The important point in this distinction is that intuitive and abstractive cognition do not differ in the objects apprehended, but solely in the fact that intuitive cognition suffices for making an evident contingent judgment concerning the object apprehended, whereas an abstractive cognition does not. Nor is the distinction one between sensation and thought, for however much it may be true that affection of the senses by the external object is a necessary condition for an intuitive cognition of a sensible object, the intuitive cognition is an intellectual act that is presupposed by the act of judgment whose evidence is derived from it. Neither is the distinction one between direct awareness of the object and awareness of something representing the object in its absence; both kinds of apprehension are directly of the object. It is not even logically necessary that the object of an intuitive cognition be present or actually existent, although if, by the power of God, an intuitive cognition of an object were preserved after the object was removed or destroyed, it would then yield the evident judgment that the object was not present or that it did not exist; for it is self-contradictory, and hence not even within the power of God, for a cognition to yield an evident judgment that an object exists if the object does not exist.
intuitive cognition of nonexistents
Ockham must admit that an intuitive cognition of a nonexistent object is logically possible because an intuitive cognition, however much it may be caused by the presence of its object, is not identical with its object; hence it is not self-contradictory that it exists without the object's existing. And if we suppose that any effect that can be produced by a created cause can be produced by God without the created cause, this logical possibility could be realized by the power of God. In this way God could, and according to Christian belief did, produce intuitive cognitions of future things and events by which the prophets and saints had evident knowledge of what did not yet exist; and God himself, who apprehends all things intuitively and not abstractively, is aware not only of the things he has created but of all the things he does not choose to create. Thus, an intuitive cognition of a nonexistent object is logically possible, although it is realizable only by the power of God. Without such divine intervention, however, such cognitions can arise only if the object is present to the knower; and the judgments to which intuitive cognitions can give rise, in the natural course of events, are affirmative judgments of present existence and present fact.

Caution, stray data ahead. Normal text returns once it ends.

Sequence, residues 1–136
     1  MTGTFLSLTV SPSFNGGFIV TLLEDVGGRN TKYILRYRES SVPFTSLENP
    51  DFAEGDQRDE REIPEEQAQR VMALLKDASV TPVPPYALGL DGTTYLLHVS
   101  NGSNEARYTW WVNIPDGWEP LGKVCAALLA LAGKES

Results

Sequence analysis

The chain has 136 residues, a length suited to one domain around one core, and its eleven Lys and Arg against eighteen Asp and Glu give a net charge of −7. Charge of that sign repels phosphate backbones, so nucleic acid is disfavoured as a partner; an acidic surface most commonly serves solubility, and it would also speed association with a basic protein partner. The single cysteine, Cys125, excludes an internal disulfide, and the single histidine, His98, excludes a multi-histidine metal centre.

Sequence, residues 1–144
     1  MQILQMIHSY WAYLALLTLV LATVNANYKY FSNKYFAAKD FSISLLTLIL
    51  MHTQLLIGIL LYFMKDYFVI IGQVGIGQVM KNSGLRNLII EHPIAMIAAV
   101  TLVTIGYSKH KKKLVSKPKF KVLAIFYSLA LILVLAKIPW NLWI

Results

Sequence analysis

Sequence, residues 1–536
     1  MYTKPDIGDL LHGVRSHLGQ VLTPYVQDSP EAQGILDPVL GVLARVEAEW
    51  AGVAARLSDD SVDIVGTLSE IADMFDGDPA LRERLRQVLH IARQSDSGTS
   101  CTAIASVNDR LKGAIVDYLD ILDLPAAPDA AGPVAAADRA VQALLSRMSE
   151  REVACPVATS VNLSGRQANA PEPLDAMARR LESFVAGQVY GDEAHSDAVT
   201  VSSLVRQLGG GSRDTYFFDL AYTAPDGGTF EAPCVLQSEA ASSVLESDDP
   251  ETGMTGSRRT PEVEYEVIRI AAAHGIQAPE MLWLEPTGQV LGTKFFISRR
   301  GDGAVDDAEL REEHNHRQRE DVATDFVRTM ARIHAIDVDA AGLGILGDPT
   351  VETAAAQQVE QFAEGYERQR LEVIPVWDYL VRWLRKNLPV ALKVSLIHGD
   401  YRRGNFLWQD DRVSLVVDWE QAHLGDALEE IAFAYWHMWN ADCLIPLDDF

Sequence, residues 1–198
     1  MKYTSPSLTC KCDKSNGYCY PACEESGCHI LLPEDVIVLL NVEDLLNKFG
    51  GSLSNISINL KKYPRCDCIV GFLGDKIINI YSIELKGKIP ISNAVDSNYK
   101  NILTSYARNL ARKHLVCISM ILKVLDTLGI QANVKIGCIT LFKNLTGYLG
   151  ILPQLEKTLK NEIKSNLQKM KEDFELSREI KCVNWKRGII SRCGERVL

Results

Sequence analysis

intuitive cognition of mental states
Ockham does not restrict the objects of intuitive cognition to objects perceptible to the external senses but includes nonsensible actualities that are apprehended introspectively, such as thoughts, volitions, and emotions. Thus the intellect, by reflecting on its own acts, can form evident judgments of the existence of those acts; for example, if I am intuitively aware of Socrates being seated, I can not only judge evidently that Socrates is seated, but I can also give evident assent to the second-order proposition "I evidently know that Socrates is seated." Although Ockham generally holds that the reflexive act is distinct from, and posterior to, the direct act, he speaks as if the evidence of the reflexive act can include that of the direct act.
derivation of abstractive cognitions
Given an intuitive cognition of some object or event, the intellect thereby acquires an abstractive cognition of the same object or event, which it retains as a habitus, or acquired capacity, to conceive the object without any causal concurrence by the object itself; thus, objects that we have experienced intuitively can be apprehended abstractively, the only difference being that the abstractive cognition does not suffice to make evident a contingent judgment concerning the object thought of. If we leave out of account the logically possible case of God's producing an abstractive cognition without a preceding intuitive cognition, the principle holds, according to Ockham, that no abstractive cognition can be had that is not derived from an intuitive cognition of the object or objects conceived. This principle, which corresponds to David Hume's thesis that there is no idea which is not derived from one or more impressions, is basic to Ockham's theory of natural knowledge and its source of evidence.
universality of abstractive cognition
In his earlier formulation of the doctrine of intuitive and abstractive cognition, Ockham supposed that the abstractive cognition immediately derived from an intuitive cognition is a concept only of the singular object of the intuitive cognition. But in his Quodlibeta (Quod. I, q. 13) he states that a simple abstractive cognition cannot be a concept peculiar to one singular object to the exclusion of other objects that would, if apprehended intuitively, yield a wholly similar concept. Thus the universality of the concept, in this later theory, is immediately involved in the transition from intuitive to abstractive cognition. The operation is analogous to that of deriving, from a proposition of the form Fa, the open sentence Fx, which becomes a general proposition when the free variable x is bound by a quantifying prefix. In Ockham's terminology, the abstractive cognition has signification but acquires supposition only by formation of a judgment or proposition.